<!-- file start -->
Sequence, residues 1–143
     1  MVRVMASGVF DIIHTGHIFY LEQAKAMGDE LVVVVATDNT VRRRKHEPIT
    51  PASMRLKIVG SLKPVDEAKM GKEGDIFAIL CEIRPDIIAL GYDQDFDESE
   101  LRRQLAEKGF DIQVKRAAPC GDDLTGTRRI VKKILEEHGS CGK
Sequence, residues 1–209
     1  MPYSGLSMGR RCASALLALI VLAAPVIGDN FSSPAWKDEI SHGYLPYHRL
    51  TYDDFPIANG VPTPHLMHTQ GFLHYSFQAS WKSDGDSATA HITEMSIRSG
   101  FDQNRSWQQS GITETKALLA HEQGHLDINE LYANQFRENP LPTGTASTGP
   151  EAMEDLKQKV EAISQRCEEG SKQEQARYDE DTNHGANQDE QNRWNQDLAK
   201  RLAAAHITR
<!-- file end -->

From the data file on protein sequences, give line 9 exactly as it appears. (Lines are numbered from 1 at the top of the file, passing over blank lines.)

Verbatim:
   151  EAMEDLKQKV EAISQRCEEG SKQEQARYDE DTNHGANQDE QNRWNQDLAK